"It obviously wasn't a foolproof plan," said ESPN analyst Patrick McEnroe, who tested positive for COVID-19 and experienced modest symptoms some weeks ago. "It was a foolhardy plan."

Before the start of the ill-fated second leg in Zadar, Djokovic told Croatian magazine Jutarnji List that the tournament would "send a wonderful, strong and positive message to the whole world."

He might not have realized at the time that the public was already taking away a very different message after watching the opening event the previous week in his hometown of Belgrade.

The images of thousands of fans sitting elbow-to-elbow, none wearing face masks, with ball persons and linespeople deployed in the customary, pre-coronavirus fashion, sounded alarm bells. So did the way the players hugged, exchanged high-fives and played pickup games of basketball and soccer in their spare time. The last straw, for many, was the video of players celebrating and dancing in a crowded Belgrade nightclub at the conclusion of the first leg.

"That kind of topped it off," McEnroe said. "There they were, partying without shirts and screaming, which is maybe the worst thing you can possibly do in terms of transmitting the virus."

"Oh, it's beyond hubris," Rubin said. "He and the other players were too in their own bubble to see maybe the consequences of their actions."

Rubin also asked why tennis was put on "a pedestal" by the governments of Serbian and Croatia while in France, the Ultimate Tennis Showdown (UTS), organized by Serena Williams' coach, Patrick Mouratoglou, was being played without fans amid numerous safety protocols.

According to Mouratoglou's team, No. 3-ranked Dominic Thiem, who joined UTS after playing in the Belgrade Adria Tour event, has tested negative for the coronavirus three times since switching to UTS.

"I think about what's happening in Europe," Annacone, who lives in California, said. "Did they even test any of these guys on Novak's tour? How are they supposed to trace what happened with Grigor, Borna, those trainers, all those fans? The process now is so skewed. It's like a dog chasing its tail."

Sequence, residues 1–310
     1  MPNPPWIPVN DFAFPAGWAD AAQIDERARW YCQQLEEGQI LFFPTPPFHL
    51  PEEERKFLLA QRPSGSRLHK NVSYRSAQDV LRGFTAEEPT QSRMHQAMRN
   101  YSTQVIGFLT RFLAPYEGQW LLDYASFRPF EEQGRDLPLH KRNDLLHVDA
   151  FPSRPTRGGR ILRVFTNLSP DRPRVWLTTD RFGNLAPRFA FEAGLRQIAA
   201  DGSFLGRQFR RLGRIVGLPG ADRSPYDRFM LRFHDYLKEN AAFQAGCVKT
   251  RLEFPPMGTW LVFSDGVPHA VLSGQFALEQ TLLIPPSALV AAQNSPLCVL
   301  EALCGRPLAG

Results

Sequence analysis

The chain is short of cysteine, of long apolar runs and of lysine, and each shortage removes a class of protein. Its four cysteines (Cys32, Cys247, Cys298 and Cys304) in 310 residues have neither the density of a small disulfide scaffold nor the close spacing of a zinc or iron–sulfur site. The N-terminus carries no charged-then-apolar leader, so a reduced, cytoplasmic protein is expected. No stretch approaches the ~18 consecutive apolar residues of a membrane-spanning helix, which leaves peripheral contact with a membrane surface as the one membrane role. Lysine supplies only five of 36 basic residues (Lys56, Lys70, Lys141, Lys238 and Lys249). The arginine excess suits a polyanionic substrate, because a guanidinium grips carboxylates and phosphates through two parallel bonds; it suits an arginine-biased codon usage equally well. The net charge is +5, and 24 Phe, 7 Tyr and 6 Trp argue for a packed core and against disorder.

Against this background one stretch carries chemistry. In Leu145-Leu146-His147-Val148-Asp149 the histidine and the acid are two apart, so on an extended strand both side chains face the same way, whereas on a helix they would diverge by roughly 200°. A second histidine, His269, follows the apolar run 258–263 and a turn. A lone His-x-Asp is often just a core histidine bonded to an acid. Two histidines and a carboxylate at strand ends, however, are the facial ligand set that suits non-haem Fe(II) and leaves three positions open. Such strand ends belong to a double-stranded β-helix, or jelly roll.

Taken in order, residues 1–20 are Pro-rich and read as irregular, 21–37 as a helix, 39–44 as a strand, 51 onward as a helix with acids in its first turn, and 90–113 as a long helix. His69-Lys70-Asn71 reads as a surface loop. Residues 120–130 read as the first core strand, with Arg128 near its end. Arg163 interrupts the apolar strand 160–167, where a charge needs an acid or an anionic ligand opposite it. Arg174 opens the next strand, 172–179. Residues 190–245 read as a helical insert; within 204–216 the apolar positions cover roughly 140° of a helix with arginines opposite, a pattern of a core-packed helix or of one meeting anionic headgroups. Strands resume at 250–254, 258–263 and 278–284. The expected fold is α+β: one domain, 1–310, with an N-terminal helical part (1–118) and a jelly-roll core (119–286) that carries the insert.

The events in Serbia and Croatia were closely watched by tennis officials hoping to stage a US Open without spectators and under a broad plan with many safety features approved by the state of New York. Some are concerned that the fate of the Adria Tour will impact whether the US Open proceeds. The major will be held from Aug. 31 to Sept. 13.

Dr. Alexis Colvin, the USTA's chief medical officer, told ESPN in a statement, "Our medical team continues to monitor the pandemic and will make adjustments to our protocols as appropriate. This incident has not affected our current protocols."

Djokovic installed his inexperienced 24-year-old younger brother, Djordje Djokovic, as the Adria Tour tournament director. The younger Djokovic seemed to dodge responsibility for the collapse of the tour.

"We are very sorry," he said, according to Serbian newspaper Blic. "We tried to respect, and we did, all the measures issued by the Government of the Republic of Serbia, as well as the Government of the Republic of Croatia. We have done everything necessary on our part. Unfortunately, Grigor is positive."

Dimitrov said in an Instagram post Monday that he felt sorry for any harm he might have caused.

"I tested positive back in Monaco for COVID-19," the Bulgarian star wrote after returning home. "I want to make sure anyone who has been in contact with me during these past days gets tested and takes the necessary precautions. ... I am back home now and recovering."

Coric also took to Twitter on Monday to offer an apology and urge anyone who had contact with him to be tested.

Andrey Rublev, a finalist in the canceled match in Zadar, wrote on Twitter that although he tested negative, "we need to all help reduce the spreading of this virus. So I am going to self-quarantine for the next 14 days. Thank you for your support."

No. 7-ranked Alexander Zverev, the major drawing card after Djokovic on the Adria Tour, wrote, "I have just received news that my team and I have tested negative for COVID-19. I deeply apologize to anyone that I have potentially put at risk by playing this tour. I will proceed to follow the self-isolating guidelines advised by our doctors."

Although Marin Cilic did not apologize, he announced on Twitter that he would self-quarantine for two weeks.

So far, Djokovic is the last Adria Tour player to reveal that he tested positive.

"I am extremely sorry for each individual case of infection," Djokovic wrote. "I hope that it will not complicate anyone's health situation and that everyone will be fine. I will remain in self-isolation for the next 14 days, and repeat the test in five days."